Ron Shelton



Legendary sports movie director, Ron Shelton, helps us kick off Season Five of the Legends Of Sport podcast. Ron discusses his baseball career and what drew him to filmmaking. He and Andy go through his greatest cinematic hits, talk about what makes a great movie and what he’s working on next.

Ron played five seasons of minor-league baseball in the Baltimore Orioles farm system and reached the Rochester Red Wings in the Triple-A International League in 1977.

Ron says he first fell in love with films while playing in the minor leagues. “I really fell in love with movies when I was playing baseball professionally, because you’re on the road all the time, you’re never home. And your home isn’t really your home, even at some apartment in some far off place. So either you stay in your hotel or your apartment ‘til four o’clock, or you get out and the only thing to get out is to go to a movie…it became an escape, and I went to movies every day just to get out of the hotel, and then go to the ballpark at four. I went and started to fall in love with movies and it was a good way to learn about movies,” Ron said.

In 1988, Ron made his directorial debut with “Bull Durham,” which follows an aging minor league ball player as he mentors a young pitcher.

“I like working with people. Directing is very athletic. There’s a game plan. There’s X’s and O’s, you rehearse it’s called spring training or practice. And then the day you’re shooting in a certain way your coaching is done…I think the sports metaphors work all across the board. I’m just trying to make movies from the players point of view more than the fans. I think the player sees a different game than the fan.”

Despite his personal love of sports, Ron says he didn’t plan to make a name for himself in sports movies.

“I never thought I’d make sports movies because I thought I’d make more political movies…When I wrote Bull Durham I happened to have a sympathetic producer who understood. He actually owned a piece of a minor league team and he knew what I was trying to get at. I just said I’m going to write a movie that I would like to go see and if it gets made it gets made and if I get one shot to direct fine least I’ll have at least I’ll say well that’s the kind of movie I would like to make and I was we were all surprised thrilled delighted when it got such a great reception,” said Ron.

Through his films, Ron explores character development, race relations, and other current event issues through the lens of athletes. He is also able to bring an athlete’s perspective to his writing and directing.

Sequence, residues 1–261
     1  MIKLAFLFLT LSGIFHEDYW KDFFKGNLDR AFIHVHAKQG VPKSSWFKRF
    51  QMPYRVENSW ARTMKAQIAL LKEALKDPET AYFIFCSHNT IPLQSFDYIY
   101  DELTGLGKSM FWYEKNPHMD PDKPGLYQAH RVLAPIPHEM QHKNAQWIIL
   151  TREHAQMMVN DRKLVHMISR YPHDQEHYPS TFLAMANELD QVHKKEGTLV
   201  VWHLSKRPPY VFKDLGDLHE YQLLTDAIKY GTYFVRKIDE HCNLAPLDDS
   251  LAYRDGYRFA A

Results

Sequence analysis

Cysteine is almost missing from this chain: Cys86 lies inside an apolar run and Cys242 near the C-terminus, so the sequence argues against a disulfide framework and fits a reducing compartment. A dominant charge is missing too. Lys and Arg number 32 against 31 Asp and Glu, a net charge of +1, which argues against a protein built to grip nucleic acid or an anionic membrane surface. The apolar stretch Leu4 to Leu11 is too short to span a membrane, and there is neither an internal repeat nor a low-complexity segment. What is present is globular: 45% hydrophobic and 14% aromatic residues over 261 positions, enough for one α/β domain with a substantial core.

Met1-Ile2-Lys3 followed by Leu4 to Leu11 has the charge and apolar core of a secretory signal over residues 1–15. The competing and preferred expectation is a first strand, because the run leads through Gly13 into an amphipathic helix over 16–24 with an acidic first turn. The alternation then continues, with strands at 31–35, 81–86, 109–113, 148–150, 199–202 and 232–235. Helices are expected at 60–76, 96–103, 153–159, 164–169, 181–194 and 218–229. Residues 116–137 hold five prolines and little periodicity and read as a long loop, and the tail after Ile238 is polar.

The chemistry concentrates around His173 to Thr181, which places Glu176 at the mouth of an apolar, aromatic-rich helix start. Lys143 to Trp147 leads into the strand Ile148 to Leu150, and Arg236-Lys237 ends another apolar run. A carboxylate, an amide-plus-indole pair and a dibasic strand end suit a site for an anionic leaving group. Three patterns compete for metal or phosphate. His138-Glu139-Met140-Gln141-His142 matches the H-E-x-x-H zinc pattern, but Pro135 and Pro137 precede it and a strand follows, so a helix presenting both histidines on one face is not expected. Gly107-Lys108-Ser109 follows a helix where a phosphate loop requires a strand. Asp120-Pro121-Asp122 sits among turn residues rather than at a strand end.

“Sports bring us together and they do create a common language. That’s why I like it as a background for movies because you don’t have to explain the rules of basketball or baseball or football or boxing, people know. That’s why I’ve said many times that they’re like westerns. In westerns you kind of knew what the archetypes were and the tropes and the great movies turned them upside down.”

In 1992, Ron tapped into the cultural zeitgeist with “White Men Can’t Jump” in 1992. Set in South Central L.A, the film follows a black and a white basketball hustle who team up to win money in a basketball tournament.

“I think it’s very important to make that movie again and in whatever the 2021 version of it is with what’s happened culturally and racially and socially and to reflect in the moment,” Ron said.

The movie brought together black and white players during a racially tense period in Los Angeles and gave them a home on the basketball court.

“There was a whole democracy on the playground. If you can play you will play, you know…the old expression “does he got game” and character content of your character is the content of your game on the playground. And that’s still true, I believe,” Ron said. “It’s actually given power to people of color to speak out politically where up until recently, athletes were forbidden from speaking out. Now NBA players have done breakthrough work socially and politically by expressing themselves which heretofore would have been forbidden.”

As the 2020 NBA season showed, athletes are speaking out and using their platform to address racial justice, mental health, and other topics unrelated to sports.

“There used to be controversy around the question, is an athlete a role model or not? And you decide with Charles Barkley saying, No, he’s not a role model. You just have to play the game well. Now I think the world’s changed. I think the athlete is a role model, because he’s given power and leverage is given a platform,” Ron said.

“I admire these guys, I really do admire Kaepernick who has been kicked under the bus kind of. What Kaepernick was doing wasn’t unusual even in the 60s. I mean, which is the shock about it, because I thought we’d come farther…I never put my hand over my heart during the national anthem as a protest against the Vietnam War. And nobody cared because I was in the minor leagues.”

In addition to his extensive filmography, Ron is writing a forthcoming book called “The Church of Baseball.” Set to be released in 2022, this book tells the story of the making of “Bull Durham.” 

Listen to the full Legends Of Sport episode on Apple Podcasts or Spotify.


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